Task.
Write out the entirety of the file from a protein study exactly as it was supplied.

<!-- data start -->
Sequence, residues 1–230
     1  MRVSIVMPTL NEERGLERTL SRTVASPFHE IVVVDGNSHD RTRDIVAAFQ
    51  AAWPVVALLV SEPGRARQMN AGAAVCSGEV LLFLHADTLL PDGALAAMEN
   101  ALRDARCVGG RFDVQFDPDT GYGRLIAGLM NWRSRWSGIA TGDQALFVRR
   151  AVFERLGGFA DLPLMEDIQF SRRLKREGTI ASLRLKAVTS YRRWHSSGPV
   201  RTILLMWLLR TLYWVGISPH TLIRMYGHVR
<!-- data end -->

Sequence, residues 1–230
     1  MRVSIVMPTL NEERGLERTL SRTVASPFHE IVVVDGNSHD RTRDIVAAFQ
    51  AAWPVVALLV SEPGRARQMN AGAAVCSGEV LLFLHADTLL PDGALAAMEN
   101  ALRDARCVGG RFDVQFDPDT GYGRLIAGLM NWRSRWSGIA TGDQALFVRR
   151  AVFERLGGFA DLPLMEDIQF SRRLKREGTI ASLRLKAVTS YRRWHSSGPV
   201  RTILLMWLLR TLYWVGISPH TLIRMYGHVR